Just work with what you have, and keep plugging away. At least Linux can give a 2nd life to older Windows hardware! You’re on the right track!

              Then and Now: Almost 10 Years of Intel CPUs Compared

              https://www.techspot.com/article/1039-ten-years-intel-cpu-compared/

              1 user thanked author for this post.
            • #344628 Reply

              johnf
              AskWoody Lounger

              It is a good idea to test out some distros before installing. Some hardware seems to work better in different distros, some distros have better battery life, etc. A good source for distros and reviews is http://distrowatch.com (just ignore the rankings, that’s more of a small popularity poll for users who go there).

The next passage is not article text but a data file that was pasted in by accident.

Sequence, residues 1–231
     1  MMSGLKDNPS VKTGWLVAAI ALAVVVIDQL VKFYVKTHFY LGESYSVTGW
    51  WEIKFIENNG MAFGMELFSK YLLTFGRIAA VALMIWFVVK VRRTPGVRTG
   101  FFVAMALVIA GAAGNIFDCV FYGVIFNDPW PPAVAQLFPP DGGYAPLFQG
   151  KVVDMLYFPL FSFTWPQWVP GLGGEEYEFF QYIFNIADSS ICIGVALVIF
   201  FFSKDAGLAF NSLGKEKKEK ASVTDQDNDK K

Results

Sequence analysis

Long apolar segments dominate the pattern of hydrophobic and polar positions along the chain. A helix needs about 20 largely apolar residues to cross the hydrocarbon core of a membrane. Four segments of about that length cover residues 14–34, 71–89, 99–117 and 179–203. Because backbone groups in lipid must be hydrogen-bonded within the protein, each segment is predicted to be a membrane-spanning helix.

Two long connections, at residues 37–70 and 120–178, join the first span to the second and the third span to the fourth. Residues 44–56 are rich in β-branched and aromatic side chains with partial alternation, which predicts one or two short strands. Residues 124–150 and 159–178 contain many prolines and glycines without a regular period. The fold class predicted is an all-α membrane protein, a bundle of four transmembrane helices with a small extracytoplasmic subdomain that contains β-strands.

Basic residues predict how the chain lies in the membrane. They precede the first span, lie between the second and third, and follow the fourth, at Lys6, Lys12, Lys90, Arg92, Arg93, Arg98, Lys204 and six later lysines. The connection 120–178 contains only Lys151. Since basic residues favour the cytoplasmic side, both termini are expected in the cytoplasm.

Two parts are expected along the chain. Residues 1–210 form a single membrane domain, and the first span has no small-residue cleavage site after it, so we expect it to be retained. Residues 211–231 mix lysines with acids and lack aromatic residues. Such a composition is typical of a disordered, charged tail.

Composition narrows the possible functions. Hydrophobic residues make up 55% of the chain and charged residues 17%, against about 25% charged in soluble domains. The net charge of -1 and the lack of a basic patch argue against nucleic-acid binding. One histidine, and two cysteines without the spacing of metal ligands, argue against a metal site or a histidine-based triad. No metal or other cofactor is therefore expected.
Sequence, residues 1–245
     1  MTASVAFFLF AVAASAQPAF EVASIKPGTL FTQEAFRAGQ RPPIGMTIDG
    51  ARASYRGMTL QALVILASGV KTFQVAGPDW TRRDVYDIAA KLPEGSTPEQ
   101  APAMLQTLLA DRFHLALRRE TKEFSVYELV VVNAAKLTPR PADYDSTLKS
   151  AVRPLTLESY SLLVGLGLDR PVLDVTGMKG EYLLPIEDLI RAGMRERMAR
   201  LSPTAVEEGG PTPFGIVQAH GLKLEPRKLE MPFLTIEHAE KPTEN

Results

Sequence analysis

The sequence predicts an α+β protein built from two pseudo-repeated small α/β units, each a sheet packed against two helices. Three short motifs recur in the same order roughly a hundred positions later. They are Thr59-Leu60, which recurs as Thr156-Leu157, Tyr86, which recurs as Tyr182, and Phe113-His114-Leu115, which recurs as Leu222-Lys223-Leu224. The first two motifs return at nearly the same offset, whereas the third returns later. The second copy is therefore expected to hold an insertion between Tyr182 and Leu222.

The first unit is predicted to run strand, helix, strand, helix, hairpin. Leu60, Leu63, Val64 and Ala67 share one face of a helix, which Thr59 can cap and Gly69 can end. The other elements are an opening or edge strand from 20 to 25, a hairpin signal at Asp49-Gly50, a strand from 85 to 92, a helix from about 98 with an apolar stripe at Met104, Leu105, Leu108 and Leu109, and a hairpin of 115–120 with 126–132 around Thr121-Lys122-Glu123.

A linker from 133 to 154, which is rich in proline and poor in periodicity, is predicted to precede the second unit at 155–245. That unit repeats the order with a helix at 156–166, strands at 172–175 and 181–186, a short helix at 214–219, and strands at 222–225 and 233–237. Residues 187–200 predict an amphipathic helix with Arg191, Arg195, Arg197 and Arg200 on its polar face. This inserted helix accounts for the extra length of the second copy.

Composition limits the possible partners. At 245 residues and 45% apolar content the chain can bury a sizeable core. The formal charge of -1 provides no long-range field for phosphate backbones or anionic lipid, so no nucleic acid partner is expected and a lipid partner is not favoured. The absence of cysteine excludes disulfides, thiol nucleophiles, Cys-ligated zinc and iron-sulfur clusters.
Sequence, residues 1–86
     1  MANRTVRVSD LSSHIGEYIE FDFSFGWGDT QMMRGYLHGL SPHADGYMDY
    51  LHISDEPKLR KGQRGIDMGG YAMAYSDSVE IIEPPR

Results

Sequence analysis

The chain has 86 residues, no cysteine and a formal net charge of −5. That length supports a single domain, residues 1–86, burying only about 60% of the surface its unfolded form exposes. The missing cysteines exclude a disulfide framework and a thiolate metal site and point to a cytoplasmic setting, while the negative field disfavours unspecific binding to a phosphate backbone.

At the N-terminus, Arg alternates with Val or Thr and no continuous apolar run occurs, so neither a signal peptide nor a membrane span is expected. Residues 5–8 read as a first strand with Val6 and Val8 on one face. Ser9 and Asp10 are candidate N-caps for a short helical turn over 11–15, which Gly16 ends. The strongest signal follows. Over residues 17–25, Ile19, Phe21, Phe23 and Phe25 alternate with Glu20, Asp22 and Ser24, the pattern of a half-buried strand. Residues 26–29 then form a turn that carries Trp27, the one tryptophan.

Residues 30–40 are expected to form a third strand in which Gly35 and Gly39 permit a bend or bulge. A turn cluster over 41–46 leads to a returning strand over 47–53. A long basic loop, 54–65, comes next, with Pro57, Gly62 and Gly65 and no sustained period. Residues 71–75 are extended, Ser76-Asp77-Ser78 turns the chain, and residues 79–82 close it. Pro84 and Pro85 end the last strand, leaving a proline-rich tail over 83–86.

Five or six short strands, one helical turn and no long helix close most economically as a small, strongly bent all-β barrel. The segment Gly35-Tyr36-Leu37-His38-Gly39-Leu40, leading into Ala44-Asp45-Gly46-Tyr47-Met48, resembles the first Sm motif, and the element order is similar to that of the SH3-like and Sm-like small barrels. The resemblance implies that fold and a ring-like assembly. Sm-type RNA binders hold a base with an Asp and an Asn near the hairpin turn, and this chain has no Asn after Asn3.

2 users thanked author for this post.
            • #344629 Reply

              JohnW
              AskWoody Plus

              Just FYI, that is exactly what he is trying to do, by working with live boots of various Ubuntu distros.

              But to be a bit more specific about your suggestion regarding hardware issues, he might want to try something other than a Ubuntu (Debian) based distro, and try alternatives such as Manjaro (Arch), Fedora (Red Hat/RPM), etc.

              https://distrowatch.com/table.php?distribution=manjaro

              https://distrowatch.com/table.php?distribution=fedora

              https://en.wikipedia.org/wiki/Comparison_of_Linux_distributions

              https://en.wikipedia.org/wiki/List_of_Linux_distributions

               

              1 user thanked author for this post.
            • #344668 Reply

              LHiggins
              AskWoody Plus

              Yes, I can see that the old Core 2 is really slow compared to others. My Win 7 laptop has an i5, so when I get to trying Linux on it, things should go more quickly.

              Thanks!

            • #344711 Reply

              DrBonzo
              AskWoody Lounger